Burning less gas in city traffic all week equals more gas for long drives to trailheads on the weekend. How I’ve been scrimping on gas consumption: minding my tachometer, and trying to make sure my engine never spins faster than 2000 revolutions per minute while in town.
Stop-and-go driving is fiery death to fuel economy. It’s basic physics: it takes far more energy to get 3000 pounds of steel moving from a dead stop than it does to keep it moving because the car’s momentum helps keep the car in motion. A car’s engine generates motive power by spinning; the fewer times it spins, the less gas it burns. Easing the beast up to urban speeds has got to be more economical than kicking the throttle wide open.
When a light turns green I prefer to hit the gas, sending the engine racing to 3500 or 4000 RPM. A couple weeks back I wondered what would happen if I just picked an even number like, say, 2000 RPM, as my engine speed limit.
How it’s working out:
On flat ground (sorry, San Franciscans) in midday urban traffic, it’s going fine. I do get away from stop lights a bit more slowly but not nearly as much as you’d think, considering the engine’s running 30 percent slower. Once I’m up to speed around 35-40 mph, I find the car runs fine around 1,800.
But is it saving gas? Well, I can’t believe my nine-mile round trip to work five days a week is saving that much gas, but I figure at $4 a gallon, it all adds up. My most recent fill-up went to 22 mpg from 20 in the previous tank, but I might’ve done better because I left the air conditioning off most of the week.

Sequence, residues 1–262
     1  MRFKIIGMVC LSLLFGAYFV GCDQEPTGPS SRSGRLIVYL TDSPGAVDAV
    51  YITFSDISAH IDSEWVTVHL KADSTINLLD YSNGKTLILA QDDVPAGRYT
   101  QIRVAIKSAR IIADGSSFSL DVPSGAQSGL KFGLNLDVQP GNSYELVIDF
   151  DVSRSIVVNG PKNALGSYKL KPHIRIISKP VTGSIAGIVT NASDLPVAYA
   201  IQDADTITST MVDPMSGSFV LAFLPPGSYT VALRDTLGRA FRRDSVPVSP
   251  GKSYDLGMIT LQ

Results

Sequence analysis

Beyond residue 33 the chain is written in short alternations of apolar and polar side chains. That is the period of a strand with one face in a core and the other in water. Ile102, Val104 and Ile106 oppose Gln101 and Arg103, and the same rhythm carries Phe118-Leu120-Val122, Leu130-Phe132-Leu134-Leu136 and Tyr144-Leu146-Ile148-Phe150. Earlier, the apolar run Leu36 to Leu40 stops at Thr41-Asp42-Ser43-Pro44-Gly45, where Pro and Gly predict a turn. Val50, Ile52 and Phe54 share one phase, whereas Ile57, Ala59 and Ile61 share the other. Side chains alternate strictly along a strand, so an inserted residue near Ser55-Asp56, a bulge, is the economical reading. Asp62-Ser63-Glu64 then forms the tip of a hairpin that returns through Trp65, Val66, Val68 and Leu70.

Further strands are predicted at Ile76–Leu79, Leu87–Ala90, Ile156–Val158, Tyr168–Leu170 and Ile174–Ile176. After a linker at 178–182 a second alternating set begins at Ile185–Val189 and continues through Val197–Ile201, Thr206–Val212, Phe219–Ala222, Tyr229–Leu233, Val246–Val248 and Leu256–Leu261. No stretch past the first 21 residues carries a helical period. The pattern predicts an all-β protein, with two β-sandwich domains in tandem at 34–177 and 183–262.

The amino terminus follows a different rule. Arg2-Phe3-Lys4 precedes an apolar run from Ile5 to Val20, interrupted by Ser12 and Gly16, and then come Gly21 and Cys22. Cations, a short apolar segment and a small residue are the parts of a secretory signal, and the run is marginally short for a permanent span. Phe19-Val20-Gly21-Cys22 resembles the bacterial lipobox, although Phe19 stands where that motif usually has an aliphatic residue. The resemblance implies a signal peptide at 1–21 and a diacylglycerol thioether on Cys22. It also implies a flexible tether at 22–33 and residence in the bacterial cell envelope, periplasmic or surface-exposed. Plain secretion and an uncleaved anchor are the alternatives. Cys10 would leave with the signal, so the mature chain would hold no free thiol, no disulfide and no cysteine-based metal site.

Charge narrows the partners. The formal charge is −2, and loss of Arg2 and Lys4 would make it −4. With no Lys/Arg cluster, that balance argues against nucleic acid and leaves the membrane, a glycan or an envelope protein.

On the freeway you have to go fast to stay alive. I can’t rev the engine under 2,500 without risking getting pancaked by Hummer-driving venture capitalists. But the lack of stop-and-go on freeways (rush hour excluded) more than makes up for the extra RPM.
In town, stop-and-go is unavoidable, but I do think you can ease some of the gas strain by easing back on the throttle when pulling away from a stop. All that matters is using less gas; 2,000 RPM is an arbitrary number, but it does offer easy-to-remember way to dial back on gas-guzzling driving habits.
(This is a bit trickier if your car’s got no tachometer but engine noise is a rough guide to speed. The quieter the better).